define the "other", then define ourselves in opposing terms. One of the most powerful ways to construct an identity. EX) Europeans called the Middle East and Asia the "Orient", and called it a mystical place. They also called Africans and Americans "savage". The Europeans said they weren't either of these things, so they were therefore "civil"
the product of ways of viewing minor genetic differences around the world. Excellent example fo how geographic context shapes identity.
sense of superiority attached to race
to degree which two or more groups live separately from one another, in different parts of the urban environment. 5 statistical measurements of segregation: evenness, exposure, concentrated, centralized, and clustered. EX) In 2010 the most residentially segregated metropolitan area in the IS was Milwaukee, Wisconsin
sense of place
made by the emotions and memories attached to a place. Changes as we and the place change.
an identity based on being bounded or related to a certain place over time EX) Latino, Hispanic
a part of a city, especially a slum area, occupied by a minority group or groups EX) ghettos in NY
when a bride is killed because her father was unable to fulfill a marriage agreement EX) often occurs in India
killing of infants EX) girls are killed in India because they are seen as a burden due to dowries
An urban area in a Spanish speaking country
a set of sounds and symbols that is used for communication
a published, widely distributed, and purposefully taught language that most technologically advanced societies have.EX) Ireland promotes the use of Celtic by requiring all government workers to pass Irish-language exam
a variant of a standard language along regional or ethnic liens. Made of differences in: vocab, syntax, pronunciation, cadence, and pace. EX) Southern-English
a geographic boundary in which a particular linguistic feature occurs. Rarely a simple line. EX) the lines of which American dialects are fuzzy
means that two people can understand each other while speaking. Has been rejected as strongly as environmental determinism. EX) mostly with two dialects of one language, but Danish and Norwegian speakers can understand each other while Mandarin and Cantonese canoot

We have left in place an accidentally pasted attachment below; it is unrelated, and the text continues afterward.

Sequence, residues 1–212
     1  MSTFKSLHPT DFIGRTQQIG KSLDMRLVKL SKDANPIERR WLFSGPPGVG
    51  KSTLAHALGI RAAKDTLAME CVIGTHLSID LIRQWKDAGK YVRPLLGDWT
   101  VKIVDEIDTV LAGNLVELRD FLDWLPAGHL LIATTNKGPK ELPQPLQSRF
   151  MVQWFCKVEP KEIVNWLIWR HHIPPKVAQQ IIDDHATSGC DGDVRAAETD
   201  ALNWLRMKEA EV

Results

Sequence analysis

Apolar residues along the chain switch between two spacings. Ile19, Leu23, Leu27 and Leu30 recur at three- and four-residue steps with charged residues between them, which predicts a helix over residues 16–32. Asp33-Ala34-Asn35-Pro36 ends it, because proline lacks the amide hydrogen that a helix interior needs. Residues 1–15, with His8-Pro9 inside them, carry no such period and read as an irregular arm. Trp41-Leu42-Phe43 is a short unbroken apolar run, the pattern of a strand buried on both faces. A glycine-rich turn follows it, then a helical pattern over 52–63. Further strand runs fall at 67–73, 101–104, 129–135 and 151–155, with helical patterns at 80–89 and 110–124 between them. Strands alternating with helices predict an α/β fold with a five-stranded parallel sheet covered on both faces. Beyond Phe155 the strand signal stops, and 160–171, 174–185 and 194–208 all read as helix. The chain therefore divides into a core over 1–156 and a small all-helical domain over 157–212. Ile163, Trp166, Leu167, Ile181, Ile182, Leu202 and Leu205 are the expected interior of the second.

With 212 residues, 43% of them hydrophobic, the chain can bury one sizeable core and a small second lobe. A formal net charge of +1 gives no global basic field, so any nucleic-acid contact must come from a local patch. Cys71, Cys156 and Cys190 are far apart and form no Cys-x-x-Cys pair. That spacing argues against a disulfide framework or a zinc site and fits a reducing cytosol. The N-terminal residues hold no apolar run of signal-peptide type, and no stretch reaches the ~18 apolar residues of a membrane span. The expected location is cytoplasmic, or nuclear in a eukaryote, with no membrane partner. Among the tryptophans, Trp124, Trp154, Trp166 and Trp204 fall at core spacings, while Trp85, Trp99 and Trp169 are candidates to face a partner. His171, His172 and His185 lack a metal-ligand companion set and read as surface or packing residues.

dialects nearest to each other will be most similar. As you go farther apart, dialects become less intelligible.
way of classifying languages at the global scale. The languages have shared by fairly distant origins. Broken into sub-families. EX) Indo-European language family includes Italian, Spanish, and French
divisions within a language family, the commonalities are more definite and origins more recent. Consists of individual languages with smaller spatial extents and dialects with even smaller spatial extents EX) Indo-European is broken into sub-families of Romance, Germanic, and Slavic
set of languages with a relatively recent common origin and many similar characteristics EX) Germanic, Romance, Slavic
a language from the Indo-European family. Spoken by half of the world's people, and includes among others, the Germanic, Romance, and Slavic subfamilies
a language used among speakers of different languages for the purposes of trade and commerce. Can be one language or a mixture.
when people speaking 2 or more languages are in contact and they combine parts of their languages in a simplified structure and vocabulary EX) the first widely known pidgin language is the Frankish language, a mix of Frank tongue with Italian, Greek, Spanish, and Arabic for trade on eastern Mediterranean with Southern Franks.
a pidgin language that has developed a more complex structure and a vocabulary and has become a native language of a group of people EX) Swahili
countries in which everyone speaks the same language EX) Japan, Uruguay, Iceland, Denmark, Portugal, Poland, and Lesotho
countries in which more than one language is in use EX) US
adopted by countries with linguistic fragmentation to tie the people together. Or in colonies, one that ties them to their colonizer.
a common language of trade and commerce used around the world. EX) like lingua franca
there are more than 7000 languages spoken today that are created by economic, technological, and ideological globalization. EX) more than 1500 languages are spoken in Sub-Saharan Africa
place names. often refer to social progress in the area. May impact how people view the lace. Dominated by 10 themes: descriptive, commendatory, possession, commemorative, associative, incidents, possession, folk, manufactured, mistakes, shift. EX) "Mount Prospect" and "Mount Misery"
a mass killing of a specific group of people EX) Serbian campaign for ethnic cleansing of Kosovo Albanians (Muslims) who demanded autonomy.